We should not forget about the ecosystem and the creatures during the celebration that these crackers do affect. We can still enjoy the celebrations with the lights. We should also consider the local vendors and small businesses and should help them by buying their products like earthen lamps, idols of god to worship, items of decoration etc. To keep the tradition alive, we may just pop a few crackers and celebrate in an eco-friendly manner.
Diwali is a celebration that everyone enjoys. We often forget that exploding crackers cause noise and air pollution throughout the holiday season. It may be extremely hazardous to children and possibly result in severe burns. Bursting crackers lowers the air-quality index, especially in northern India, and visibility in many areas contributes to accidents frequently recorded following the celebration. As a result, it is critical to have a safe and environmentally responsible Diwali.
Importance of Celebration of Diwali
Deepavali is a Hindu festival that is observed all over the world by the Hindus living aboard. It reflects several elements of life and creation. Deepavali is celebrated to commemorate the triumph of light over darkness and good over evil. Hindus light candles and other lamps on this day to welcome the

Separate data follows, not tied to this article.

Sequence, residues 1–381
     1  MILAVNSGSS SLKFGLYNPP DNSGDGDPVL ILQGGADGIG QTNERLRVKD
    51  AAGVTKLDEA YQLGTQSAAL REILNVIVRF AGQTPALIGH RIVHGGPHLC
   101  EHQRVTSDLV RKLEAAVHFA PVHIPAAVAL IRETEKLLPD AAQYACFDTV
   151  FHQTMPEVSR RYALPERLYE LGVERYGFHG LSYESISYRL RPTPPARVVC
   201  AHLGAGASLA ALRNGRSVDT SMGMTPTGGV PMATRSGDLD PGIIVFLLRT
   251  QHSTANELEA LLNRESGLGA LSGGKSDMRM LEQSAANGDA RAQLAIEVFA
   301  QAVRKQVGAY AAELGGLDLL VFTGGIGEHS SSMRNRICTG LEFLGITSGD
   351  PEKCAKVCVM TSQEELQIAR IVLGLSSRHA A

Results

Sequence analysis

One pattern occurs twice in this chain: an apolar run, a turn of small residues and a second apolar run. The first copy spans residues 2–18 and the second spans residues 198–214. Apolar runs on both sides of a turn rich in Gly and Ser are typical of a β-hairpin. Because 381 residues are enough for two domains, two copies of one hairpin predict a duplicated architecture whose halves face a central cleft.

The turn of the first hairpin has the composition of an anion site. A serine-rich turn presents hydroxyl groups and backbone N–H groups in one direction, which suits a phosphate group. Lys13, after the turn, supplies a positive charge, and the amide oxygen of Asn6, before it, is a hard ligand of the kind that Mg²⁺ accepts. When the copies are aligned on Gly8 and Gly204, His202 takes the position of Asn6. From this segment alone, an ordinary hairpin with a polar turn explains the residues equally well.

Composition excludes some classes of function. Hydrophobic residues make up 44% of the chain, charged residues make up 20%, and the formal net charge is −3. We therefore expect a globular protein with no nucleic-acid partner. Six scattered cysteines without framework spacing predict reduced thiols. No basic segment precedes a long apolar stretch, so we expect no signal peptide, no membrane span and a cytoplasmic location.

Deepavali is a light festival held on the new moon day (Amavasya) of the Hindu calendar in the month of Kartik. It is a five-day festival that begins with the lighting of lamps and candles and continues with gift-giving, eating, and family reunions. Deepavali emphasises the concept of family values, peace, and unity. It is a time when everyone gathers to rejoice by exchanging presents and praying for prosperity and peace on Earth. This well-known Hindu festival represents wisdom triumphing over ignorance and charity triumphing over greed.
Deepavali, commonly known as Diwali, is an annual Hindu celebration in which lamps and candles are lit. It commemorates the triumph of light over darkness. The day has religious importance for Indians and is an opportunity to brighten the darkness. It is one of the fun festive seasons that everyone enjoys.
The Indian Hindu community is quite proud of its festivities. There is a large crowd, and there is music, dancing, and fireworks. On the occasion of Diwali, lights are turned on in the streets, and we enjoy being shopping spree on Diwali day. Diwali is celebrated with tremendous excitement and happiness not just in India but also in other Asian nations and around the world.
It is appropriately named Diwali since the entire world lights up on this day of the celebration. Because the event offers joy, it is my favourite festival. Many satellite photos depict how India appears during Diwali. Diwali is now a global celebration celebrated by Indians worldwide with lightning diyas and lights. So let us all join hands and swear to enjoy this ancient celebration responsibly so that everyone, including Mother Earth, is safe and pollution-free.